Advanced POSE Techniques
Thus far I have given you an overview of the basics of POSE, including how to create, load, and save sessions, as well as how to run your program in a POSE session. These features alone make POSE an indispensable tool for observing and demonstrating your program running under a wide variety of Palm OS devices and configurations.
The remainder of this chapter delves deeper into some advanced POSE features that are instrumental in testing and debugging your application. We also take a look at some advanced configuration options that can be used for specific types of Palm applications.
POSE Warnings and Error Messages
POSE can produce a significantly greater amount of warnings and error messages than you would ever see running your program on an actual device, especially if you choose to run POSE with a debug ROM (again, highly recommended).
Although initially annoying, these messages should not be dismissed. The messages are POSE's way of telling you that there is either a bug in your program, or that you have used a programming technique that might not be supported in future versions of the Palm operating system. Pay attention to POSE, it is trying to help you!
To get an understanding of the types of messages POSE produces, right-click on POSE and choose Debug Options. A screen will appear that lists the various types of program checking that can be enabled or disabled. You can disable some or all of the options to suppress most of the errors that POSE is displaying. Occasionally this is called for in order to have a cleaner debugging session, or when perhaps you are demonstrating a pre-release version of your program to a customer.
Under normal POSE operation, however, it is highly recommended that you leave the debug options checked, and that you set some time aside to investigate what part of your code is causing the error conditions to trigger. A quick look at the POSE User Guide (installed under the Docs directory in your POSE folder) yields a detailed description of each debug option, and most of the options are designed to catch true error conditions in your program. Certain specialized applications (such as games or imaging programs) that need to write to screen memory may require turning off the Screen Access option, but most of the others will indicate that you have a legitimate problem in your code that needs attention.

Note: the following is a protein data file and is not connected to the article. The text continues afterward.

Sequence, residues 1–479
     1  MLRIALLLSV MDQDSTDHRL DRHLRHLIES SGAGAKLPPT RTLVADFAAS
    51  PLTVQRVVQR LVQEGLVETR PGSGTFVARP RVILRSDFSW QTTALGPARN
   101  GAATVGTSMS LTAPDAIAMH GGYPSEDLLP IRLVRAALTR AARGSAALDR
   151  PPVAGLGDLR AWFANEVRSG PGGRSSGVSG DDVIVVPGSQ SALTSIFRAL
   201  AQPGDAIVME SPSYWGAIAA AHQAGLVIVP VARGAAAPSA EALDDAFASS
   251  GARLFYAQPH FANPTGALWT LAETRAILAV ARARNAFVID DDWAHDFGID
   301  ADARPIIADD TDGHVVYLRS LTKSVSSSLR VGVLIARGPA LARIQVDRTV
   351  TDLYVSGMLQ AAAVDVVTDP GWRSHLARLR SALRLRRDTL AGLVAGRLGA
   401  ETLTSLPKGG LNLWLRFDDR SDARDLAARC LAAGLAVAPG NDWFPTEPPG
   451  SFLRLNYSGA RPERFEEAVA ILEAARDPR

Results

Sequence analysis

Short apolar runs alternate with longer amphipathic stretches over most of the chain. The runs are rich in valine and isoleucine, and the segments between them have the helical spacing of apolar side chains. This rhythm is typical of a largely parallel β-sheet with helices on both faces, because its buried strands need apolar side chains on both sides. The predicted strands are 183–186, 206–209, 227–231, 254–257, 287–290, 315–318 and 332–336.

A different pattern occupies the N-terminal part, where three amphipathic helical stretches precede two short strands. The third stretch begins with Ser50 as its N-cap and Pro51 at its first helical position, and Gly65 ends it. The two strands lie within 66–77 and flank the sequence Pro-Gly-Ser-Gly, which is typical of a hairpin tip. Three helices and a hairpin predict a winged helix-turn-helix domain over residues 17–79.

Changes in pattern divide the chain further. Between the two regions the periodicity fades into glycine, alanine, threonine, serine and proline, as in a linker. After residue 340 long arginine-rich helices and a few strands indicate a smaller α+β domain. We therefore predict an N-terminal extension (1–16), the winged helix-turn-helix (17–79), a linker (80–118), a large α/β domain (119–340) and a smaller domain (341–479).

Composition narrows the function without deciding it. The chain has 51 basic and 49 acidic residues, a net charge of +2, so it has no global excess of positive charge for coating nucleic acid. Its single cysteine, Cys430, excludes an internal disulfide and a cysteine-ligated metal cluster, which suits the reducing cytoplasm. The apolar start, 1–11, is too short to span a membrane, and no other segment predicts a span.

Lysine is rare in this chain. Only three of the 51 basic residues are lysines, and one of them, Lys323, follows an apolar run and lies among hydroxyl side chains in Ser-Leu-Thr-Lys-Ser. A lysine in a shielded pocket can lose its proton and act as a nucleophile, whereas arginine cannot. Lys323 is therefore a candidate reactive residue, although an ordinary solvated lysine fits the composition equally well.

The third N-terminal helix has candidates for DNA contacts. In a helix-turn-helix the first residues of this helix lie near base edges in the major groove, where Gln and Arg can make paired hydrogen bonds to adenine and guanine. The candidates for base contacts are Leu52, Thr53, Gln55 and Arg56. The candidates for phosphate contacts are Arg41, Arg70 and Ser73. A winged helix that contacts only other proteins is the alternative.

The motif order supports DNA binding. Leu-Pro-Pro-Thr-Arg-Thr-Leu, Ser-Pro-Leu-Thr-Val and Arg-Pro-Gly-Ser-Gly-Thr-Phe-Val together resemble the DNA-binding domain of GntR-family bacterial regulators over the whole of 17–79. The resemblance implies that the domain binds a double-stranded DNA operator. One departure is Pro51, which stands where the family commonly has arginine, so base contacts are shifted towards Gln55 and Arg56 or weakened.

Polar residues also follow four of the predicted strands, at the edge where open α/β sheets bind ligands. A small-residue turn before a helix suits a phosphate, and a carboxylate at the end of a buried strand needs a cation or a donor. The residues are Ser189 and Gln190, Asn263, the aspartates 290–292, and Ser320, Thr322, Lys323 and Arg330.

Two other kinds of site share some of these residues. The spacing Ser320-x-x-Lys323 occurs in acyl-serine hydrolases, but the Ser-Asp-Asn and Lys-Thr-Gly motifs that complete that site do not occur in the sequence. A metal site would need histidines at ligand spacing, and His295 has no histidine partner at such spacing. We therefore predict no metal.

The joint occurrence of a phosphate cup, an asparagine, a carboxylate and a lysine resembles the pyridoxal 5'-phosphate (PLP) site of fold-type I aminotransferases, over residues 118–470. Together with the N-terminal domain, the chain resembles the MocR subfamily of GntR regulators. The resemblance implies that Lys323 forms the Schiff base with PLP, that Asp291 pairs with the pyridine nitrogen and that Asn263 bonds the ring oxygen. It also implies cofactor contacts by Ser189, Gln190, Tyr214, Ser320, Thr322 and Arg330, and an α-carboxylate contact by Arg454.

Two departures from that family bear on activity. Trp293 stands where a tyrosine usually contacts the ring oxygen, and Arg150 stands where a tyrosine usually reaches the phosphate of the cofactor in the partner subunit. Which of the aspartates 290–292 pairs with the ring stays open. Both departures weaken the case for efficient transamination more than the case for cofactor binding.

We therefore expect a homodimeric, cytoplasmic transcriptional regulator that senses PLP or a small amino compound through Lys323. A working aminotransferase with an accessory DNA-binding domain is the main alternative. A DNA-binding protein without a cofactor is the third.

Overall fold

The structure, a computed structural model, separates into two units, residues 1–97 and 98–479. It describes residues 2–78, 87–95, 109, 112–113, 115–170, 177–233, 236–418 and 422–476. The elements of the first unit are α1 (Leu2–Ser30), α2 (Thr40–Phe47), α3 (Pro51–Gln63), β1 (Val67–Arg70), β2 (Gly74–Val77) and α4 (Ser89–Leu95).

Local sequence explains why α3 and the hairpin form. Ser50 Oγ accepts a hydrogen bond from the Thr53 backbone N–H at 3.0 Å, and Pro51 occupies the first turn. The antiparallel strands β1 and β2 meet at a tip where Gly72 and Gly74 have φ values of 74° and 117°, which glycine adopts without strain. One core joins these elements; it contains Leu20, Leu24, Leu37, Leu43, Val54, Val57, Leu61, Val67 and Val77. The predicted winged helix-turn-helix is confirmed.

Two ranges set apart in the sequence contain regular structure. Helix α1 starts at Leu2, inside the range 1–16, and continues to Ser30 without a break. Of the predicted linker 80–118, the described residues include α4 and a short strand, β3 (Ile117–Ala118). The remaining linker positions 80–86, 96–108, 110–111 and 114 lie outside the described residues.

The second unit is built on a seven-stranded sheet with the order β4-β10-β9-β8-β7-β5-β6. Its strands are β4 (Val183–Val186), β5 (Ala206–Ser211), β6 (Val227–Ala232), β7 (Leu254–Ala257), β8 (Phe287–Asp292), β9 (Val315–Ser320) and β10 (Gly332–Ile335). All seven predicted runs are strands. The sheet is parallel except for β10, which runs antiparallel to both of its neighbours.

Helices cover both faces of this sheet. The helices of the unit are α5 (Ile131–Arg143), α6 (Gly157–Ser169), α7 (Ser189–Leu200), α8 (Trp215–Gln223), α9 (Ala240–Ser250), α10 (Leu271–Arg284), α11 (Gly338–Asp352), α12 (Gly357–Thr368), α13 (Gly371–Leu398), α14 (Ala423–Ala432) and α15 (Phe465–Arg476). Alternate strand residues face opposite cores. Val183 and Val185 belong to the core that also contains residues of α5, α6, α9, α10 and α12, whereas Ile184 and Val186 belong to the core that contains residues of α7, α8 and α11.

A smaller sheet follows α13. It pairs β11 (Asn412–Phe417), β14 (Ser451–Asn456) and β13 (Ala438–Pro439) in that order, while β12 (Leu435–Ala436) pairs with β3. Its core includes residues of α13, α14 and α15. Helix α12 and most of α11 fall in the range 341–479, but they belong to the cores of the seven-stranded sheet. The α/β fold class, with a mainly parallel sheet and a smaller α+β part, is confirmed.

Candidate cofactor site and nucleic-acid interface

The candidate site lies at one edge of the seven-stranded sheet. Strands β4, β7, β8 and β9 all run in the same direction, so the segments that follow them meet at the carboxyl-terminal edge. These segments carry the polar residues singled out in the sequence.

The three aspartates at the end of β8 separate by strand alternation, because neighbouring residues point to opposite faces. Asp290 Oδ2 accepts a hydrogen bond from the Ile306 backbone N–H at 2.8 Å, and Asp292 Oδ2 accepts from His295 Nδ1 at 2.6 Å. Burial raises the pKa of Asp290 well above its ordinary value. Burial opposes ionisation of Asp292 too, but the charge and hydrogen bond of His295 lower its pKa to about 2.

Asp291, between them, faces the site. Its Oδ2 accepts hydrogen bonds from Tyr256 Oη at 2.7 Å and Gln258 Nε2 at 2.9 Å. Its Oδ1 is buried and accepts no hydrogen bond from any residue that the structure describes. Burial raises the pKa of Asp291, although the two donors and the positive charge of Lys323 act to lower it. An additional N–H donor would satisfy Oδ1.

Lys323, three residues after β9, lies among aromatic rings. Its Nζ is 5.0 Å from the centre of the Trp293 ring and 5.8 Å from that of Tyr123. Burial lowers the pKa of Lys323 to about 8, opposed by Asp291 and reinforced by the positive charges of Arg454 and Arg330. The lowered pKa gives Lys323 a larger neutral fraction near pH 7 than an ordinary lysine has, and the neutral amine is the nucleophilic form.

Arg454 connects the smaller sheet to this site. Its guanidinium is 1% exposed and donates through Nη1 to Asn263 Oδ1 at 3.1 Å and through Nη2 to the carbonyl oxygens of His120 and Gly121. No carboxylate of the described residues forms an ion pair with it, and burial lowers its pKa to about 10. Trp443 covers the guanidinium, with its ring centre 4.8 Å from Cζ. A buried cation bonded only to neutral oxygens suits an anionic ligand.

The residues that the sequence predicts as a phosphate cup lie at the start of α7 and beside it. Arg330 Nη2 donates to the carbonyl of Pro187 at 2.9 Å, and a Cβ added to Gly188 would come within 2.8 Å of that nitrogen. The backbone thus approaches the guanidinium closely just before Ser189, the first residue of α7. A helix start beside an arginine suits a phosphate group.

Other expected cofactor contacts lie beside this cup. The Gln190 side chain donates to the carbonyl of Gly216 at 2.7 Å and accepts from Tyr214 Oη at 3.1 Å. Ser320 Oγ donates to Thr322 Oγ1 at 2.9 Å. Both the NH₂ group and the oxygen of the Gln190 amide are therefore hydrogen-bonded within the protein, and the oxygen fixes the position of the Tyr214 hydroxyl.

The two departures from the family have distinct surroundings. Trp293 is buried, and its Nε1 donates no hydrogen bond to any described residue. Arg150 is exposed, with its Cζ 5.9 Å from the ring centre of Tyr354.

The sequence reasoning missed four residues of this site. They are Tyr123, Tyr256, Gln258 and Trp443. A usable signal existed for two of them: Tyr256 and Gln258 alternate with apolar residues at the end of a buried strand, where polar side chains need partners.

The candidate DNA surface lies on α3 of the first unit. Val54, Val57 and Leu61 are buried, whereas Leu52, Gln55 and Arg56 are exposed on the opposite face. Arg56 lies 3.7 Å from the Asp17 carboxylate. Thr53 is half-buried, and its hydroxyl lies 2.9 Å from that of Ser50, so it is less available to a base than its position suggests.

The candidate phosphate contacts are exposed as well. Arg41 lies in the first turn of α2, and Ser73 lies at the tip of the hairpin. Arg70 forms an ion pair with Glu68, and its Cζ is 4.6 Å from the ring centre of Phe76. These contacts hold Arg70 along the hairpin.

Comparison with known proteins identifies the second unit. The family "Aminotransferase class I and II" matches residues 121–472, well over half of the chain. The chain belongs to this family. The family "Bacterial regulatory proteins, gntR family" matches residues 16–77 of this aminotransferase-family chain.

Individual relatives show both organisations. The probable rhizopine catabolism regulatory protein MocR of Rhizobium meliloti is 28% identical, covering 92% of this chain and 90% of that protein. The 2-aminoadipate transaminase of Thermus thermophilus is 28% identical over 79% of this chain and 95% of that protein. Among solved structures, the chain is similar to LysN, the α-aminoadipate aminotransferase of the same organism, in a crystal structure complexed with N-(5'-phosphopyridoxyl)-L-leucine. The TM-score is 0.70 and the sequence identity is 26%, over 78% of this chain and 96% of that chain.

POSE offers a built-in logging facility that you can use to see into the inner workings of your program without resorting to a source-level debugger. Although the current version of POSE does not yet support the ability to automatically log your own program's internal function calls, POSE's logging facility can log system calls, serial port activity, and a number of other types of events that might otherwise be hard to track.
A good example of a program that can benefit from logging is a TCP/IP-based application that performs NetLib calls. Such programs are not always easy to debug using the normal CodeWarrior tools. Oftentimes all you need is to be able to see a log of the types of networking calls occurring and in what order they do so.
In short, you should have an idea of what you are looking for before turning on all of the logging options. A tremendous number of events can be generated in a very short period of time, which can obscure your ability to find what you are looking for (to say nothing of the performance impact you will have on POSE as it attempts to log all of the events).